But the common theme has been high profits. This is over and done with now and the community cannot, and ought not to seek to recover the money. It is true that, if there is the smallest element of truth in the Press reports which went the rounds at the time, some people were able to make a fairly spectacular killing on the market when the new contracts were awarded. I do not know whether this is true; but I am bound to admit that the levy is not the ideal remedy—indeed it is no remedy—for that. I have noted the concern expressed by noble Lords about the future of Independent Television, and Lord Shawcross's own idealist tic approach to what he hopes to do and what led him into this business, and I acquit him of any intention, so to speak, of trying to get his spoon into the gravy. I think he is fascinated, as anybody would be, by the interest of this type of activity. I am saying this in a kindly way to the noble Lord, because I can see that this is of great interest.


My Lords, I have no objection at all to "putting my spoon into the gravy". Unfortunately, there is no "gravy" and I have no spoon.


My Lords, the noble Lord was rather at pains at the beginning to indicate that he had no interest in the equity of the business. I do my best to be nice to the noble Lord, but he slaps back at me, and therefore I am bound to say that for a man of his business experience I think he takes an extraordinarily narrow view of how companies operate. I really am astonished that somebody who has spent as long as he has in association with one of the largest companies in this country should think in these very narrow terms. His own company, Thames Television, is, I think, one of the newer ones; but we shall just have to watch the progress of these companies over the next period.

I honestly believe that we need not get so "steamed up" as the noble Lord, Lord Denham, is about the future. I want to focus on one point. The noble Lord alluded to the Postmaster General's reference to the possibility that in certain circumstances, if the profits were very much higher than expected, the levy might go up. Since the noble Lord has been busily assuring us that there is no possibility of the companies making profits of this level, I do not think he need worry about it. But I would agree with him that it would be a dangerous tendency if this became something that was constantly adjusted in this sort of way.

I find it impossible to state categorically what the right sort of rate of return should be. I think we shall agree that is has been excessive in the past, but if it drops as low as some noble Lords fear, it may drop too low for the satisfactory conduct of the business. But at this stage it is too early to come to any conclusion on this. This is a period of national financial stringency, and in a time of financial stringency, I think, a certain squeeze on profits is not necessarily a bad thing.

Again, noble Lords who have been in business will admit that at times when their profits have been squeezed they have worked with rather greater vigour to save costs and run the business more efficiently and maximise profits. The level of profits has been so high that there cannot have been a great deal of incentive in the past. Still, the fact is that managers and others go ahead in doing their best, to a great extent regardless of profit levels. This is going to be a challenge. In much of its output, and notably in the export market, the industry's performance has been first-class. Export earnings, I should mention, are not subject to levy and were deliberately left out of the reckoning in the assessment of profits which led to our decision; and the new circumstances will, I hope, encourage the industry to try to improve still further on past performances, however good they may have been.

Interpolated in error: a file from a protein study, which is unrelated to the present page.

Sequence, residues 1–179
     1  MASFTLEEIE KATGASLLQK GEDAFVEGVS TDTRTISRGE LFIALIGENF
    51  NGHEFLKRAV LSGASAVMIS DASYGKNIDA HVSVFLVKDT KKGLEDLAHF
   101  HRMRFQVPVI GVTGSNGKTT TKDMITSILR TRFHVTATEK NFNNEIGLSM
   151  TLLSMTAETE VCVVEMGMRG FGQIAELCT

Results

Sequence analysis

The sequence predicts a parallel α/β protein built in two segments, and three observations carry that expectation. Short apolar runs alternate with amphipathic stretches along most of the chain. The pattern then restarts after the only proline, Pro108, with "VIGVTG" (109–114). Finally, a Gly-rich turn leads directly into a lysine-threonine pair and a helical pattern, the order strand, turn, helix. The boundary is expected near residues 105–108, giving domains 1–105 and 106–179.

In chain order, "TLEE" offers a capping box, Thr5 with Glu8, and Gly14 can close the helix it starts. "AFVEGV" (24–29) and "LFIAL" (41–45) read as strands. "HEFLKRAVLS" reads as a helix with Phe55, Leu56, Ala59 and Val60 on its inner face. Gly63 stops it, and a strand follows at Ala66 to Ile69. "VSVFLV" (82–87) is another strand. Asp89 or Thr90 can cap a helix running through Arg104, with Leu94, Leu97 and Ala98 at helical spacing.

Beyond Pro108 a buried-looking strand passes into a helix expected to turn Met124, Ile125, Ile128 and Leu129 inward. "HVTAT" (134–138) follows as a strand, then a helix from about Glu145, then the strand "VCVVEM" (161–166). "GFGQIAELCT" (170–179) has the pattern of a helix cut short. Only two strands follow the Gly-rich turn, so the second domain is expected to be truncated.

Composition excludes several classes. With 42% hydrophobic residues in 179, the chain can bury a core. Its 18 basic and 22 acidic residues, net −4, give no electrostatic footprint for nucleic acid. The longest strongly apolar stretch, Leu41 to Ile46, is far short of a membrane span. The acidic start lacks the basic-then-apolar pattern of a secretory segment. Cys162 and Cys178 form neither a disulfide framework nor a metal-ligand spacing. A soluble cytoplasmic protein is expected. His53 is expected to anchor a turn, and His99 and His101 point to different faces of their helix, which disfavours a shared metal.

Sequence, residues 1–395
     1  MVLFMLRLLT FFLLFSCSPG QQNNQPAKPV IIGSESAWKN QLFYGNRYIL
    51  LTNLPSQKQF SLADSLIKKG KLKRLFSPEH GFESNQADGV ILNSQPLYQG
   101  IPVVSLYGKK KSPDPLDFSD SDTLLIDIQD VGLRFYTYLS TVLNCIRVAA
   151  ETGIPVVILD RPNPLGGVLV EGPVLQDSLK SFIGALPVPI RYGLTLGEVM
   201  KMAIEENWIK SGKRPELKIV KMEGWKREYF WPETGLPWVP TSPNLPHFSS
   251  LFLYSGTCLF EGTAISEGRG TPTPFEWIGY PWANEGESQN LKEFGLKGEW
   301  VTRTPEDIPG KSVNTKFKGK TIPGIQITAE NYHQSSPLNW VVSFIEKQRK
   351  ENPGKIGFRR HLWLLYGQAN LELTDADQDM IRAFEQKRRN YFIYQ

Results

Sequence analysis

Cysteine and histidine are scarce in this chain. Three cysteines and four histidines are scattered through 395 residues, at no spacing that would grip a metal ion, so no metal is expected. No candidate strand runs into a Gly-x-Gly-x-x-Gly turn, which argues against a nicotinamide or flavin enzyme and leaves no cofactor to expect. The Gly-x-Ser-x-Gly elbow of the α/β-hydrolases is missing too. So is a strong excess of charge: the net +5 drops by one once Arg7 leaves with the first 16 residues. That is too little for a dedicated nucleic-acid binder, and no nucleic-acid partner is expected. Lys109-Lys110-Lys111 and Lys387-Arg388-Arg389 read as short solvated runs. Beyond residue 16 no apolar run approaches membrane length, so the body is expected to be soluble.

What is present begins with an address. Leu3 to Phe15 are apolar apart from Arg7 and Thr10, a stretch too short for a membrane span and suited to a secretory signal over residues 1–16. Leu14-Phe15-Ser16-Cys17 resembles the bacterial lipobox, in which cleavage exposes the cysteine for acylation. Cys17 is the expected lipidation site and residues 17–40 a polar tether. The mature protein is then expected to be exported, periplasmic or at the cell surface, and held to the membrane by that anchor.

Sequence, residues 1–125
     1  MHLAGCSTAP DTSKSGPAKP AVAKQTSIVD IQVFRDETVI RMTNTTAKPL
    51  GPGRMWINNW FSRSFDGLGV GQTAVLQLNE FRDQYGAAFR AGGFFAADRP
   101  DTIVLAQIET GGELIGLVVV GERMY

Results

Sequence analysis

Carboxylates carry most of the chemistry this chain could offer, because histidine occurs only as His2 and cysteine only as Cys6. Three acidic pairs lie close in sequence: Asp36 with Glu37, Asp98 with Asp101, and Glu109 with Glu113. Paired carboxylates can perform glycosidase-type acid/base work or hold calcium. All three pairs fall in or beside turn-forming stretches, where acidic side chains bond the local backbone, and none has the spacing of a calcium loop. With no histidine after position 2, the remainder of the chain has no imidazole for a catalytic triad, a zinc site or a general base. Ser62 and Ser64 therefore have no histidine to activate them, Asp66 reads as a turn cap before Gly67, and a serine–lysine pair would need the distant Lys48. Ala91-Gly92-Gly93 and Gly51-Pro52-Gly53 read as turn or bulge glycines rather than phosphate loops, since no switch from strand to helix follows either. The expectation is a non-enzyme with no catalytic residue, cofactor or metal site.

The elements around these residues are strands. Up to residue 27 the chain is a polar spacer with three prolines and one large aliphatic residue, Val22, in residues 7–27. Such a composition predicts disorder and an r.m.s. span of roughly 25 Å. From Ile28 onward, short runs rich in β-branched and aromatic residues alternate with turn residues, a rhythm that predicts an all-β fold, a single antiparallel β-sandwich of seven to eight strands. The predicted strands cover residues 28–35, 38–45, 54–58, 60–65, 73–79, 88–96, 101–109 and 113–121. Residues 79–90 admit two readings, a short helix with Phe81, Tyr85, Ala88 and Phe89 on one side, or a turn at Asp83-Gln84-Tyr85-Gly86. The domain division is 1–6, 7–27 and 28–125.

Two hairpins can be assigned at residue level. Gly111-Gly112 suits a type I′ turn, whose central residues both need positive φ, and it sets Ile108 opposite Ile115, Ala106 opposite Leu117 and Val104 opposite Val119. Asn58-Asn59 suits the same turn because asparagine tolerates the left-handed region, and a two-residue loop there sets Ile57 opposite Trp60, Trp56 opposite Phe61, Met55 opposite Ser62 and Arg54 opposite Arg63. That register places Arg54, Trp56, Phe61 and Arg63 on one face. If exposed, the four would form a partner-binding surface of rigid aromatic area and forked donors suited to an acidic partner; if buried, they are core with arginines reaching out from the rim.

I have already paid a tribute to the achievements of Independent Television. I am bound to say that I think it is too early for the noble Lord, Lord Denham, to be seriously worried about the position of the companies, but I repeat again the undertaking that the Postmaster General has given that he will keep a careful watch on the situation.


My Lords, before the noble Lord sits down, may I say that I think the Postmaster General's words need a little more clarification. The noble Lord, Lord Shackleton, has given us a certain explanation of it, but my worry is that he has suggested that he is going to regulate the profits by this levy which is based on the revenue. It is not a question of taxing profits. If you have a high tax on profits, the more profits you make the more tax you pay, admittedly, but also the more net income you are left with. But if, by the levy on the revenue, the net profit is going to be controlled, it is a little difficult for anyone to make any plans for the future and to put the risks on the one hand, against the advantages he may get, on the other.


My Lords, I think the noble Lord is taking a little advantage of the House. He is supposed to speak only once, and I think that was more than just a question. The noble Lord has asked me whether I can be more precise about what the Postmaster General meant. What I think I did was put a certain gloss on what the Postmaster General said. The noble Lord has made his point. I think he is carrying his conclusions much too far and is reading too much into the Postmaster General's statement if he thinks it implies that the rental is something that is automatically regulated according to the movement of profits. Obviously one takes into account, as the previous Government did, certain profit levels, and one takes certain broad steps to bring them into whatever appropriate level the Government of the day think is right. It may well be that the returns will, in the course of the next year or two, be very much higher than the Government have foreseen, but there is nothing they can do about it.

On Question, Motion agreed to.